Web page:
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Entailment is a situation in which the truth of a given sentence necessitates the truth of some related sentence. If the sentence Susan is taller than Jane is true, then we know for sure that the sentence Jane is shorter than Susan is also true. These two sentences mutually entail each other. Similarly, if the active sentence Frank bought a green bicycle is true, then we know for sure that the passive counterpart A green bicycle was bought by Frank is also true. We again have mutual entailment.

Often entailment points in one direction only. If the sentence Susan eats carrots and turnips is true, then the sentence Susan eats vegetables is also necessarily true. In this case, however, entailment is not mutual, for the truth of the sentence Susan eats vegetables does not entail the truth of the sentence Susan eats carrots and turnips.

My question has to do with entailment of the latter sort, i.e. the type that points in one direction only. Does a sentence with an adjunct entail the same sentence without the adjunct? For instance, does the truth of sentence (1) entail the truth of sentence (2)?

(1) Frank arrived on Friday.

(2) Frank arrived.

Intuitively, my answer in this case is “Yes, it does”. But now consider the next two sentences:

(3) Frank called the woman in his class.

(4) Frank called the woman.

In this case, intuition fails me. I am unsure whether the truth of sentence (3) entails the truth of sentence (4). Sentence (4) seems vague in such a way that does not allow one to reach a conclusion about potential entailment, one way or the other. Note that on Friday in (1) is an adjunct on the verb arrived, whereas in his class in (3) is an adjunct on the noun woman.

So, how should we understand the influence of adjuncts on entailment patterns?

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    It's the use of the and the presuppositions involved in definite descriptions that's failed you. Entailment is largely a matter of individual lexical items rather than structures; since "adjunct" is a wastebasket category its presence or absence shouldn't have anything to do with entailment.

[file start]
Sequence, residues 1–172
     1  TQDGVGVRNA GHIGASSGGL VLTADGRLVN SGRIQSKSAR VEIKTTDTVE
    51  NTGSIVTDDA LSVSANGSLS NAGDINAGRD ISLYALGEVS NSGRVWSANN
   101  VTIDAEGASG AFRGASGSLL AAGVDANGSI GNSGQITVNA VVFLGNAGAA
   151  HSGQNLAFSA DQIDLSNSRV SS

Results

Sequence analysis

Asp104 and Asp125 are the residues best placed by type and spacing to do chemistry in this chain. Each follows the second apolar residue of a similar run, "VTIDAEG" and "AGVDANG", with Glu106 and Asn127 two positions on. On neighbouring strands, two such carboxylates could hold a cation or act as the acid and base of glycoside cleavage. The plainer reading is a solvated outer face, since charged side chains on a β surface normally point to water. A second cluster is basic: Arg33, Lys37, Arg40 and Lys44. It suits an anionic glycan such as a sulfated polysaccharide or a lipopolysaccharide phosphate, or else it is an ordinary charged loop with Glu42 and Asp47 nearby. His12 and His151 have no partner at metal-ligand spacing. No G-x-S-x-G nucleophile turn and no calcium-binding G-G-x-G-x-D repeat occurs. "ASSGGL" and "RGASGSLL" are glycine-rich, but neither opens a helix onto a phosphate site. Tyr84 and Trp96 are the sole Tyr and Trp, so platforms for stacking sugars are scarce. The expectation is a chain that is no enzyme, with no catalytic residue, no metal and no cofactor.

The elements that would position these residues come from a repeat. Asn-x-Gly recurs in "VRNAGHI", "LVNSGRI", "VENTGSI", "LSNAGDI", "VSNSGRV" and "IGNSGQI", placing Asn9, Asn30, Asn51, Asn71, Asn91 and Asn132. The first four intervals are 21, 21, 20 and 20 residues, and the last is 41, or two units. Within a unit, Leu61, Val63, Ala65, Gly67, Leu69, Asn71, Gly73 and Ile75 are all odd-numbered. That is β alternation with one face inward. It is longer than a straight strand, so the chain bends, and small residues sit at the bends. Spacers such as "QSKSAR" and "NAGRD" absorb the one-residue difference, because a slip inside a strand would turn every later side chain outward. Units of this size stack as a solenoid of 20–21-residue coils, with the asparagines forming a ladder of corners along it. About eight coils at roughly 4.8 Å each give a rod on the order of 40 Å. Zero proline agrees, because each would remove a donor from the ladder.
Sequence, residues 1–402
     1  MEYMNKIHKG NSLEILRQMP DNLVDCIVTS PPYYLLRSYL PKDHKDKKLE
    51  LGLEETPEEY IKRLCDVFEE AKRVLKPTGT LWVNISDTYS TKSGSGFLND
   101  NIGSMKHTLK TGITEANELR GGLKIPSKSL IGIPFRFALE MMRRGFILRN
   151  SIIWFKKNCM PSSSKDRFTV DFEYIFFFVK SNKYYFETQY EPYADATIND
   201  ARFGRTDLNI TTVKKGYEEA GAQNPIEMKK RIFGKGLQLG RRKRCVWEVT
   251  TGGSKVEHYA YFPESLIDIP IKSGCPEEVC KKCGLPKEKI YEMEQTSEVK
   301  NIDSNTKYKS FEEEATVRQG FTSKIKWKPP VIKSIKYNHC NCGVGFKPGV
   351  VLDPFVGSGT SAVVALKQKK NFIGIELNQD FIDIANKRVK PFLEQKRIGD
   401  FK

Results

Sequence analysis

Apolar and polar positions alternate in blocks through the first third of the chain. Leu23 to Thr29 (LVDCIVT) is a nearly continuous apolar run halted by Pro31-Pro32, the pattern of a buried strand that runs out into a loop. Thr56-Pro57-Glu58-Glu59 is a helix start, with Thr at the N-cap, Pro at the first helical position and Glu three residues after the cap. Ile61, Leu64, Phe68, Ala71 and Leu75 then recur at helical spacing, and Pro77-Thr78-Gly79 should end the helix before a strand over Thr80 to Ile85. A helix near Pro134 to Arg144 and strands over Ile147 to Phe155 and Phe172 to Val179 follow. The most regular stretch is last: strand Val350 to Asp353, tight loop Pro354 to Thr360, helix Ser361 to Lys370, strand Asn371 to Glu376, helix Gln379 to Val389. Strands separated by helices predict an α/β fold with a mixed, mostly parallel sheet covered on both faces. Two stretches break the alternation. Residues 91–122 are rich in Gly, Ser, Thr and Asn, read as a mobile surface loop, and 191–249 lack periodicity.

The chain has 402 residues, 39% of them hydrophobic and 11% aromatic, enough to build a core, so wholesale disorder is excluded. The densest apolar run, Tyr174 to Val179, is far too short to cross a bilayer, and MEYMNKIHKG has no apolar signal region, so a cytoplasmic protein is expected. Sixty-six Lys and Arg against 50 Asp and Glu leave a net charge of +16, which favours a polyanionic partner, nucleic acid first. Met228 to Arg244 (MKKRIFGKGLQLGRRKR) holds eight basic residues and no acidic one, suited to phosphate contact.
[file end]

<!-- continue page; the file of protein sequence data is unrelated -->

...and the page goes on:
– jlawler
    Aug 23 at 16:02
  • If P entails Q, that does not entail that "not P" entails "not Q" (in fact not Q entails not P). "I never eat meat for breakfast." does not entail "I never eat meat."
    – Rosie F
    Aug 23 at 16:23
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    Sentences are about linguistics and they are mere structures. It's statements that entail things and statements are about logic. Your question is about logic, and entailment has nothing to do with particular sentence structures, it works in all the languages irrespective of which sentence structure the given statement takes in the given language.
    – Yellow Sky
    Aug 23 at 17:53
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Considering that adjuncts are considered pieces of sentences that add additional information about time, place, manner etc. without changing the core meaning of the sentence, yes, it makes sense that a sentence with an adjunct would entail the sentence without the adjunct.

This is especially visible in event semantics, where the semantic content of an adjunct is typically conjoined (and-ed) with the phrase it combines with:

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The semantics of the VP together with the adjunct reads "is an event which is a buttering event and whose theme is the toast and which is a slow event".

Since a conjunction always entails each of its conjuncts (A and B always entails A and entails B), a semantic representation where an adjunct is added via conjunction always entails the sentence without the conjoined adjunct:

∃e. Butter(e) ^ agent(e) = john ^ theme(e) = thetoast ^ Slow(e)

∃e. Butter(e) ^ agent(e) = john ^ theme(e) = thetoast

It would work the same way with PP adjuncts, e.g.

(1) ∃e. Arrive(e) ^ theme(e) = frank ^ time(e) = friday

(2) ∃e. Arrive(e) ^ theme(e) = frank

(3) ∃e. Call(e) ^ agent(e) = frank ^ theme(e) = thewoman ^ In-class(thewoman,frank)

(4) ∃e. Call(e) ^ agent(e) = frank ^ theme(e) = thewoman

The last sentence one could perhaps analyze in more detail and say that "the woman in his class" denotes the unique individual such that they is a woman and in class with Frank, and "the woman" without the adjunct may fail to denote since there may be no unique woman, in which case the sentence would have no or a false truth value and the entailment fails.

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